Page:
what a good analysis of Tesla (TSLA) would contain

A basic report on TSLA by a competent securities analyst would contain the following:

–an idea of how the market for electric cars will develop and the most important factors that could make progress faster or slower.  My guess is that batteries–costs, power/density increases, driving range, charging speed–would end up being key.  Conclusions would likely not be as firm as one might like.

–TSLA’s position in this market, including competitive strengths/weaknesses.  I suspect one main conclusion will be that combustion engine competitors will be hurt by the internal politics of defending their legacy business vs. advancing their electric car position.  The ways in which things might go wrong for TSLA will be relatively easy to come up with; things that could go right will likely be harder to imagine.

–a detailed income statement projection.  The easy part would be to project (i.e., more or less make up) future unit volume and selling price.  The harder part would be the detail work of breaking down unit costs into variable (meaning costs specific to that unit, like labor and materials, with a breakout of the most important materials (i.e., batteries)) and fixed (meaning each unit’s share of the cost of operating the factory).  An important conclusion will be the extent of operating leverage, that is, the degree to which fixed costs influence that total today + the possibility of very rapid profit growth once the company exceeds breakeven.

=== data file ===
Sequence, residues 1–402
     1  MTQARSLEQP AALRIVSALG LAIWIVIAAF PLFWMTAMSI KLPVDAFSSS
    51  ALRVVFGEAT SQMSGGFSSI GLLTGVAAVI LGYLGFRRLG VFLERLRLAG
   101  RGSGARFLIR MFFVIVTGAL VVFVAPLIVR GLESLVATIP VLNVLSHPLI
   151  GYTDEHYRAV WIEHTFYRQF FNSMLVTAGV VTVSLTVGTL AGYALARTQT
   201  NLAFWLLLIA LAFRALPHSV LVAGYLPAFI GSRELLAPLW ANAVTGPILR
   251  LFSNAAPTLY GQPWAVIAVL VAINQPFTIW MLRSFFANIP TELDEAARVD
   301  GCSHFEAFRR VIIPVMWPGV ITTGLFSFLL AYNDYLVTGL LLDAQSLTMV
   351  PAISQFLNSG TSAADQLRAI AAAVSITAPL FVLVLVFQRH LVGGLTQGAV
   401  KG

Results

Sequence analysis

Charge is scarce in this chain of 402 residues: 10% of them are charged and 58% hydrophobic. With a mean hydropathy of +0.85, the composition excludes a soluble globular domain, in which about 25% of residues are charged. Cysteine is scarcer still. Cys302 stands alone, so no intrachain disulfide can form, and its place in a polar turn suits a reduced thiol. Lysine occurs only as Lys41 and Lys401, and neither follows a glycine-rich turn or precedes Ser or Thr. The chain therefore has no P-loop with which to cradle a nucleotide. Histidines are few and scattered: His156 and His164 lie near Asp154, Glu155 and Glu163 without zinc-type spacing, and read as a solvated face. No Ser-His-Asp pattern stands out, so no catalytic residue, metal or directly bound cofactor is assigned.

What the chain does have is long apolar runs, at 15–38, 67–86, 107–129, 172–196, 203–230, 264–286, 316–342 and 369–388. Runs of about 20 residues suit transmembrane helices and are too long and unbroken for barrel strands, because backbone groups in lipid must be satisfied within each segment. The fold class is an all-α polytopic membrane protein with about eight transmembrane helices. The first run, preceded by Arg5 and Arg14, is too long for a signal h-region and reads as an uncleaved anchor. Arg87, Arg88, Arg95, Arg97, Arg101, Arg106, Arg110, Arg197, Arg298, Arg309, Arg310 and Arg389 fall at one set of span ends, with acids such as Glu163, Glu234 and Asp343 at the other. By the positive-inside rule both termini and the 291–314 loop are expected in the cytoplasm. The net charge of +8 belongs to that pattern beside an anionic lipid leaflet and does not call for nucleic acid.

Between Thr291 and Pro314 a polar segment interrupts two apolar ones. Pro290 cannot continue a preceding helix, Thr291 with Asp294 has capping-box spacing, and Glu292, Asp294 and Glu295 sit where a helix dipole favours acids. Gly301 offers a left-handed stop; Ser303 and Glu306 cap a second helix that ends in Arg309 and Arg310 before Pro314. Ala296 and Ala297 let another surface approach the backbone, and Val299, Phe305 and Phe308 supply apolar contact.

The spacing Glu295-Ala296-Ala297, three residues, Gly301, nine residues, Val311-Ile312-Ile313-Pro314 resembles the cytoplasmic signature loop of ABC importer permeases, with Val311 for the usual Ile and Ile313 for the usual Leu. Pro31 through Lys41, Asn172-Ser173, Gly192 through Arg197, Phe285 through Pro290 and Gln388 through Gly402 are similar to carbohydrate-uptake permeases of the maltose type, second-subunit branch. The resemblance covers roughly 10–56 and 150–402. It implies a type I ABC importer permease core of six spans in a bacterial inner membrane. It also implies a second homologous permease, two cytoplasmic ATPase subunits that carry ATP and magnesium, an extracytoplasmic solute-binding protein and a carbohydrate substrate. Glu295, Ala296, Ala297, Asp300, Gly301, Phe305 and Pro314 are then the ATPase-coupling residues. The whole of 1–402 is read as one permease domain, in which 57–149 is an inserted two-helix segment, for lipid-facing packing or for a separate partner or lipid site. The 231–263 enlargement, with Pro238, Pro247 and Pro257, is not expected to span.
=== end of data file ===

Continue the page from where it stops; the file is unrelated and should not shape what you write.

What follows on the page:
There are also the costs of corporate overhead, marketing and interest expense.  But these are relatively straightforward.

The income statement projection is almost always a tedious, trial-and-error endeavor.  Companies almost never reveal enough information, so the analyst has to make initial assumptions about costs and revise them with each quarterly report until the model begins to work.

–a projection of future sources and uses of cash.  Here the two keys will be capital spending requirements and debt service (meaning interest payments + any required repayments of principal).  Of particular interest in the TSLA case will be if/when the company will need to raise new capital.

 

 

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